Time for another round of “which use came first?”! My husband and I were talking about this one a little while ago. Sloth. So which came first, the deadly sin or the slow-moving animal?

My theory was that the attribute came first and the animal was named after it, and that was right…to an extent.

The interesting thing about the word sloth is that it DOESN’T have its roots in French or Latin or Greek. It’s unique to English, tracing directly from Middle English slou or slowe (look familiar?), which in turn came from Old English sleuthe.

Once you take off that -th ending that the speakers of earlier English were so fond of, you see how close sloth and slow are, so it’s no surprise that they in fact share a meaning. Sloth was used as the attribute of slow applied to people or animals, but it carried with it an idea not just of slowness, but of sluggishness, indolence, and neglecting responsibilities. Those negative connotations never totally disappeared, but by the mid-1300s, it began to be used to indicate slowness or tardiness without necessarily including the neglect.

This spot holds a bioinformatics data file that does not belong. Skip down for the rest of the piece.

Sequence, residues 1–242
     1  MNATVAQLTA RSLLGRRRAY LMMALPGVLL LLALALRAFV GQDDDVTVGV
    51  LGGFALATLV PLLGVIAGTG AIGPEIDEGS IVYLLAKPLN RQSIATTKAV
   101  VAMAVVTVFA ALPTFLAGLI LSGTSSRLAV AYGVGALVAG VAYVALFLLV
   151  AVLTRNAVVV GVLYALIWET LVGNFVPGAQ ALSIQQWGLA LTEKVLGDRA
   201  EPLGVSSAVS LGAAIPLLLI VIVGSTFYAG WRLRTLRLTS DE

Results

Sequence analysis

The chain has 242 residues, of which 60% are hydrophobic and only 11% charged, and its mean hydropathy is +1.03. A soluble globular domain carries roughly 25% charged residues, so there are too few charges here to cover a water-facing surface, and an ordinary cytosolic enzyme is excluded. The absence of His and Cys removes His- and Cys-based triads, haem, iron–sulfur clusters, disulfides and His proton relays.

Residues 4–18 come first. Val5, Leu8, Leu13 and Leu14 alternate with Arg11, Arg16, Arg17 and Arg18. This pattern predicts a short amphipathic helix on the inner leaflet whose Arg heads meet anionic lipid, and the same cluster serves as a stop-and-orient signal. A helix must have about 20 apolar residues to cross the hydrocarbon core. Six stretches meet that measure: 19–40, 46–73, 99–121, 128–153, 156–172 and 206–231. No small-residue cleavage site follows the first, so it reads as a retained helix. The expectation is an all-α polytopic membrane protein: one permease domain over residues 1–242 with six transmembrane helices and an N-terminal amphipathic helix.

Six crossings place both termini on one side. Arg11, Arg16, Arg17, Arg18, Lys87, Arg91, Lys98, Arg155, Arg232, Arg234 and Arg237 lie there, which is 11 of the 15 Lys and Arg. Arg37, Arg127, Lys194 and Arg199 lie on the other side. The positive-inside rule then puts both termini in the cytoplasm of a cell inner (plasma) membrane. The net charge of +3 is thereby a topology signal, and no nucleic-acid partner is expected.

So how about the animal? The South American Sloth was discovered in the early 1600s by the Portugese, and they applied the word preguiça to it. Preguiça means “slow, lazy,” from Latin pigrita, which means “laziness.” The English speakers chose sloth as the closest equivalent.

Have you ever seen a sloth in person? We saw one at a zoo…but it was curled up in a box, sleeping. Go figure, right? 😉

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